Many riders tell me their horse feels off when they first get on, but works out of it. In some cases, this could be the sign of something serious needing further investigation. Soreness can disappear as the horse warms up, and then reappear a few hours after the work out. The reason is that soft tissue injuries almost always cause more pain when they are cold, because that is when the muscles are tightest. As the muscles warm up, they stretch out and send fewer pain signals. After the work out, all the soft tissue cools down and tightens again, often adding a few more muscle fibers to the tight area. You can see how, over time, this scenario can turn into more pain and escalate into an injury requiring a long lay-up.
Just because an injured area feels better after it warms up doesn’t mean that everything is okay. Stiffness and pain mean something, especially if they create a pattern over time. That is not to say that all muscle soreness is bad. Some aches are inevitable in becoming fit.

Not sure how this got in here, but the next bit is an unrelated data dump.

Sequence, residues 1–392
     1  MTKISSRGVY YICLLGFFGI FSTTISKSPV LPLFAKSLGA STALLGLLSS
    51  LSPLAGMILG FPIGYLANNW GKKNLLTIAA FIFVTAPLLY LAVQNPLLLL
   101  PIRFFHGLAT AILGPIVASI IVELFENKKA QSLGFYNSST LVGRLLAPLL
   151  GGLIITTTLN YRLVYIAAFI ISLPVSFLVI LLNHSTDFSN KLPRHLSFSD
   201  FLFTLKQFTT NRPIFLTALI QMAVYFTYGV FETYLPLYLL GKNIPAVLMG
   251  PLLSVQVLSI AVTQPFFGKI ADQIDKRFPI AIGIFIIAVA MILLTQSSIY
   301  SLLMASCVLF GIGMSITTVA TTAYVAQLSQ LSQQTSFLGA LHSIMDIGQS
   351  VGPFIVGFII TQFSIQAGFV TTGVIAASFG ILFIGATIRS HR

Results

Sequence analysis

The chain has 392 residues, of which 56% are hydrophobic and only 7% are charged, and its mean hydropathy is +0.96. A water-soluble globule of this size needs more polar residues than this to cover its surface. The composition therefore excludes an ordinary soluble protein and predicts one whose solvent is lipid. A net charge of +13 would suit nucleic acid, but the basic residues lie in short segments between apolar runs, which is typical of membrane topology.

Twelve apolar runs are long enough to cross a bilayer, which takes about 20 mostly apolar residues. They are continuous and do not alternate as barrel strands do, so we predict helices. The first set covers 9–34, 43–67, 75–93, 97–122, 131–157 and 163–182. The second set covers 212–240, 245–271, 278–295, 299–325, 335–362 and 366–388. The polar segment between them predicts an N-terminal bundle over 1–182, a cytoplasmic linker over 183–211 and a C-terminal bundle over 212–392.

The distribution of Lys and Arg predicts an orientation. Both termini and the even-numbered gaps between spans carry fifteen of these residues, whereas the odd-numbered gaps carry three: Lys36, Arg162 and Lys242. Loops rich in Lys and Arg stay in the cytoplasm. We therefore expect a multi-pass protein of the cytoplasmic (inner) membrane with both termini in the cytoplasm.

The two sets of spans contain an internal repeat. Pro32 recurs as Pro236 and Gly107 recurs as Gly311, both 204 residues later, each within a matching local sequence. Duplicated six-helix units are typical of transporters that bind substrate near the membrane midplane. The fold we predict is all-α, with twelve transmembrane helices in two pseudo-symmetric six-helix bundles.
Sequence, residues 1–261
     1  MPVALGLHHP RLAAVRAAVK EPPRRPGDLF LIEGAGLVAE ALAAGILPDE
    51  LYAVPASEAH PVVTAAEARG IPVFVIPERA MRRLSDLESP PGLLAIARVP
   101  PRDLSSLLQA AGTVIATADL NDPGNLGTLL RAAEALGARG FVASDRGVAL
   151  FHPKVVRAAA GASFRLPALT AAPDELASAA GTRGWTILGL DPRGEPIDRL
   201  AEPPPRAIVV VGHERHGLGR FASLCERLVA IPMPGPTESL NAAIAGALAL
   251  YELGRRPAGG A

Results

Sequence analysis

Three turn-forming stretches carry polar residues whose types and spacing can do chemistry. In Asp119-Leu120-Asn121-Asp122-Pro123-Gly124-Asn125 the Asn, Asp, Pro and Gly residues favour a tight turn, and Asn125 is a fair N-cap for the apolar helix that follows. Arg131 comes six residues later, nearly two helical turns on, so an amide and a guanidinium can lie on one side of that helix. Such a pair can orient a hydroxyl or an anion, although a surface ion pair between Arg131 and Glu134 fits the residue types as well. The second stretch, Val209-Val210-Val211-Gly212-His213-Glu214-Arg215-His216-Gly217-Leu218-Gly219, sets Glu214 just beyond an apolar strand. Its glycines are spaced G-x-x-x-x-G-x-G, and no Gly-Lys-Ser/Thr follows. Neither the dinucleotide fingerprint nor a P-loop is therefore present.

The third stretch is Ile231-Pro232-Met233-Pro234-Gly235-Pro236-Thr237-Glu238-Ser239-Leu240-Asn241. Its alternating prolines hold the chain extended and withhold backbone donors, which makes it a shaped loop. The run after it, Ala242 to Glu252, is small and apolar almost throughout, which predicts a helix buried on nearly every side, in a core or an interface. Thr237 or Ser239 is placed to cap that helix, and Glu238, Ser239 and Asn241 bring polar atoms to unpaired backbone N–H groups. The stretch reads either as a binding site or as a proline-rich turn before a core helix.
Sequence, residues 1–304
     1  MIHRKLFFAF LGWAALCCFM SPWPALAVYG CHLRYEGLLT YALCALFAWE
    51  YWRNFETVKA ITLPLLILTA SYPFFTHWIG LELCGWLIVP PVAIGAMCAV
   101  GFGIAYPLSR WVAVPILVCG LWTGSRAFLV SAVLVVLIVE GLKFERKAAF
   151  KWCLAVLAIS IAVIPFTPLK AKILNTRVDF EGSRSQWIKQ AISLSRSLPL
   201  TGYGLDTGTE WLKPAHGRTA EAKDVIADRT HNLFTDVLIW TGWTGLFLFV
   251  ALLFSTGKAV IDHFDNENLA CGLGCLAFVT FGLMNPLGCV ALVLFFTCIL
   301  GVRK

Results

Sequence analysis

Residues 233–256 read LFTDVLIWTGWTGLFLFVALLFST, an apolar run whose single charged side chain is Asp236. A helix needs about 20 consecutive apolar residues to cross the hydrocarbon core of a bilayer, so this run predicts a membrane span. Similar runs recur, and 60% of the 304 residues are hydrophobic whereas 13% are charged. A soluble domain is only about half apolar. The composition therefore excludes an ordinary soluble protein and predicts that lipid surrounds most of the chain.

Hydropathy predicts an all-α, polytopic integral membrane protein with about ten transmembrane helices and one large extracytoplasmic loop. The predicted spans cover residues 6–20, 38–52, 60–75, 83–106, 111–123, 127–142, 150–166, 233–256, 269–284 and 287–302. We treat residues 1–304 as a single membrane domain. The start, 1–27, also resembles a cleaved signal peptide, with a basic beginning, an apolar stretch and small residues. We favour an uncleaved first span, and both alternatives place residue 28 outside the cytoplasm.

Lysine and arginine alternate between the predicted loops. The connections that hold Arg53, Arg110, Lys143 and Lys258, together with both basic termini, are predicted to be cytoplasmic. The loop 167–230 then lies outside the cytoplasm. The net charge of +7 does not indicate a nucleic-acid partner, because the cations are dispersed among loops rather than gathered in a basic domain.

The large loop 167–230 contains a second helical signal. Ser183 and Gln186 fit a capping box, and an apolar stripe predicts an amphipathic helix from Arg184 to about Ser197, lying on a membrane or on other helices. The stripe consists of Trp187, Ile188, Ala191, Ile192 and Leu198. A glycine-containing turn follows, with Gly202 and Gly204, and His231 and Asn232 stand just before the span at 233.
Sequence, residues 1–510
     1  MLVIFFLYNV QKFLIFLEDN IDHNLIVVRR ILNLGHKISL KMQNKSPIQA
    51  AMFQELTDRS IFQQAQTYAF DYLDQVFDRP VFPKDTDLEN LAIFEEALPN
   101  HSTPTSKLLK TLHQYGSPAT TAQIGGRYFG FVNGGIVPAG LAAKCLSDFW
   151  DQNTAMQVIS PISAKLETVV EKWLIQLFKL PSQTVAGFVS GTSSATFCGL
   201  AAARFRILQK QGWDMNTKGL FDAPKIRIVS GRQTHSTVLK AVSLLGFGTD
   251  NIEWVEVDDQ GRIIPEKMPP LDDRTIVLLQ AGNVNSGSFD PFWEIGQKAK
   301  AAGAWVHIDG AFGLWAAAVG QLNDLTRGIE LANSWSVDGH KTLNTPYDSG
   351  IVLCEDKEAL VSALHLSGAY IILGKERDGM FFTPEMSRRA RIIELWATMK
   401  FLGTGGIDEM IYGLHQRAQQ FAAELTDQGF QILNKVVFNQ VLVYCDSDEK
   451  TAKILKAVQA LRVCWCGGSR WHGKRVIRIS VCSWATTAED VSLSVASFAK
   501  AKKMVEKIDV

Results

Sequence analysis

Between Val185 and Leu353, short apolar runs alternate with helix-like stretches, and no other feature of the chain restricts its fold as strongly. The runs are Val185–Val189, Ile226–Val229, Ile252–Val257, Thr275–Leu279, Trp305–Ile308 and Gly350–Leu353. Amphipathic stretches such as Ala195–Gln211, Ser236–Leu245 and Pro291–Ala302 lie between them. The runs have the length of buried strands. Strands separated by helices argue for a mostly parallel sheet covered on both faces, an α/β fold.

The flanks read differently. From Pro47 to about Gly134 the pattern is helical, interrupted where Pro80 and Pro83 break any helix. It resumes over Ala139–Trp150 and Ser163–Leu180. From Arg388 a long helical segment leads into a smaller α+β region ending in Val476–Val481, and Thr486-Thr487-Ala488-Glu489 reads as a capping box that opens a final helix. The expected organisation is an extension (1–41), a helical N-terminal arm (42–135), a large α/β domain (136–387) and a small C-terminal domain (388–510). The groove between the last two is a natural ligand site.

Sports massage for your horse can help ease soreness and pinpoint areas that are prone to tightness. Massage is helpful both before and after (after the horse has cooled down; I never massage right after a workout) exercise.
Massage therapy benefits the body in ways that most warm-up routines fail to do. Over time, select muscles may tighten and shorten. This greatly endangers the body, and unfortunately, an athlete is rarely aware of it until after an injury has occurred. A further benefit of regular sessions is that oxygen flow is naturally improved, which creates healthier conditions for muscles, optimizing body tissue. Increasing the flexibility in soft tissue can greatly reduce the incidence of injury.